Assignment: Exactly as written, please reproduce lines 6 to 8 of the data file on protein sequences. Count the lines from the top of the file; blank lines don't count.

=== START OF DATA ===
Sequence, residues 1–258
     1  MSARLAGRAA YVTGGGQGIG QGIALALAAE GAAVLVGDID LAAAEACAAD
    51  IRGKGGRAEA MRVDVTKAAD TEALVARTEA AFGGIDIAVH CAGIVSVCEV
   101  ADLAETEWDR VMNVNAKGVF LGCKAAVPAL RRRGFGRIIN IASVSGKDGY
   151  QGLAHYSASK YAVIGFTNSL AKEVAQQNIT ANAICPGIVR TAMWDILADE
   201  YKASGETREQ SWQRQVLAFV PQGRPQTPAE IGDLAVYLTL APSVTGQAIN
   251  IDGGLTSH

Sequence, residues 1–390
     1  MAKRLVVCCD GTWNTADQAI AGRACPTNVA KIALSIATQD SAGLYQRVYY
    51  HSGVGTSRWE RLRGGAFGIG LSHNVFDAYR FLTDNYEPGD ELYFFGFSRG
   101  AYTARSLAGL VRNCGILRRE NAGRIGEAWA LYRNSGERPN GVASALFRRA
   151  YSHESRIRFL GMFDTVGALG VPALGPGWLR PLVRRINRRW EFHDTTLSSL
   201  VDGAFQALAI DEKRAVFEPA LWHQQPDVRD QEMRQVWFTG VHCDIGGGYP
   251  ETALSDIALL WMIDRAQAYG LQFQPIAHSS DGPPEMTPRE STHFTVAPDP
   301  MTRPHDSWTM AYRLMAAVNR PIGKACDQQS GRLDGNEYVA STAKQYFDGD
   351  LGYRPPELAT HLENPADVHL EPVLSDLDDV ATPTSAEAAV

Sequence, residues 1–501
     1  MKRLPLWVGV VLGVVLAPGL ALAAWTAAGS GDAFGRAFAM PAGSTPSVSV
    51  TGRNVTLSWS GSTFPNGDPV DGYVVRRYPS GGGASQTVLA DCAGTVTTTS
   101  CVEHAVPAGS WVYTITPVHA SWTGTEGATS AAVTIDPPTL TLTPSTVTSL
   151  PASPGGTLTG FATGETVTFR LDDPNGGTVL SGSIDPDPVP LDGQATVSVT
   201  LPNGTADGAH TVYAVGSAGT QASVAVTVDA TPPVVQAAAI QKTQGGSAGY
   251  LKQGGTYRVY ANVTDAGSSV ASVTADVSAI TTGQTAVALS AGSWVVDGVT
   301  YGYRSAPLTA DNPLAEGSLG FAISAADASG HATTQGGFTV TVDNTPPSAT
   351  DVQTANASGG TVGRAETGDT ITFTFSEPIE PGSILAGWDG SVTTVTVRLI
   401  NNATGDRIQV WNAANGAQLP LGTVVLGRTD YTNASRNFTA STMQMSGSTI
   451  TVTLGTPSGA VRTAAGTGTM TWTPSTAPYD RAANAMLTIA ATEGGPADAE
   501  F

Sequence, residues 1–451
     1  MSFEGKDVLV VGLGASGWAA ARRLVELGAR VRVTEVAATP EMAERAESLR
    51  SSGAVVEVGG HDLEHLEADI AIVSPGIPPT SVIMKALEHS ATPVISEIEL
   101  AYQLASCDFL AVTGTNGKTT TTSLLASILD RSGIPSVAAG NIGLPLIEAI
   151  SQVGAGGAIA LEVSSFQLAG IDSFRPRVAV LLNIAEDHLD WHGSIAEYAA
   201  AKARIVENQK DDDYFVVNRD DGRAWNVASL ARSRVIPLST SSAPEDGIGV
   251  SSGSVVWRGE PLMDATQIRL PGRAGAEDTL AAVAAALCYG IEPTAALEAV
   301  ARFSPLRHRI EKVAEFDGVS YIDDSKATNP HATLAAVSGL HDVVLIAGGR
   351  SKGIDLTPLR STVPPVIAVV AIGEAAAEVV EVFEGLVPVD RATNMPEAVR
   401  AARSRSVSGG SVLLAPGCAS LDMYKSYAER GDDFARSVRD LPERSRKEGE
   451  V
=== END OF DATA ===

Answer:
   201  YKASGETREQ SWQRQVLAFV PQGRPQTPAE IGDLAVYLTL APSVTGQAIN
   251  IDGGLTSH

Sequence, residues 1–390